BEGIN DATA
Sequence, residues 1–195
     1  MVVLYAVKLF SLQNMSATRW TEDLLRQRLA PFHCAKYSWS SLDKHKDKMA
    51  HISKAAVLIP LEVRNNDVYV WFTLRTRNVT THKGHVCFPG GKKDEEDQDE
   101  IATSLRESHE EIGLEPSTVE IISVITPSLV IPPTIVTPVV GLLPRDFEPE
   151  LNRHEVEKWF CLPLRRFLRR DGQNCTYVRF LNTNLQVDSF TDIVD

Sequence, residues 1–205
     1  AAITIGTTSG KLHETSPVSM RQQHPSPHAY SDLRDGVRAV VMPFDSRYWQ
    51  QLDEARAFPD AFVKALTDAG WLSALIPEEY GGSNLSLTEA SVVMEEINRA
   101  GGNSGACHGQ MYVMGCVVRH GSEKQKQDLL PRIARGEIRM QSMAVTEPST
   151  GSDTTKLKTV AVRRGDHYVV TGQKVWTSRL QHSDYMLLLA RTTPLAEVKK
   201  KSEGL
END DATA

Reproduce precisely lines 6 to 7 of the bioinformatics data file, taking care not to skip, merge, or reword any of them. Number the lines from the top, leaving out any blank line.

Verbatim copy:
Sequence, residues 1–205
     1  AAITIGTTSG KLHETSPVSM RQQHPSPHAY SDLRDGVRAV VMPFDSRYWQ